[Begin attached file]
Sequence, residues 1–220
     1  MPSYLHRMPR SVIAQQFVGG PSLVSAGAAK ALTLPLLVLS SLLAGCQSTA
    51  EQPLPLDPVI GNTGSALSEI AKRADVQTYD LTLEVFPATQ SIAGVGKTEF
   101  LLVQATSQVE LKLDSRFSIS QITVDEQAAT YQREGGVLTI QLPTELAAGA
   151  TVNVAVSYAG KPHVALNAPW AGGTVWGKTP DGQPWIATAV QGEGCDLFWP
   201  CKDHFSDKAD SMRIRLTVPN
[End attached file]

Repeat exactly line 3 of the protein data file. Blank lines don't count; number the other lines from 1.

    51  EQPLPLDPVI GNTGSALSEI AKRADVQTYD LTLEVFPATQ SIAGVGKTEF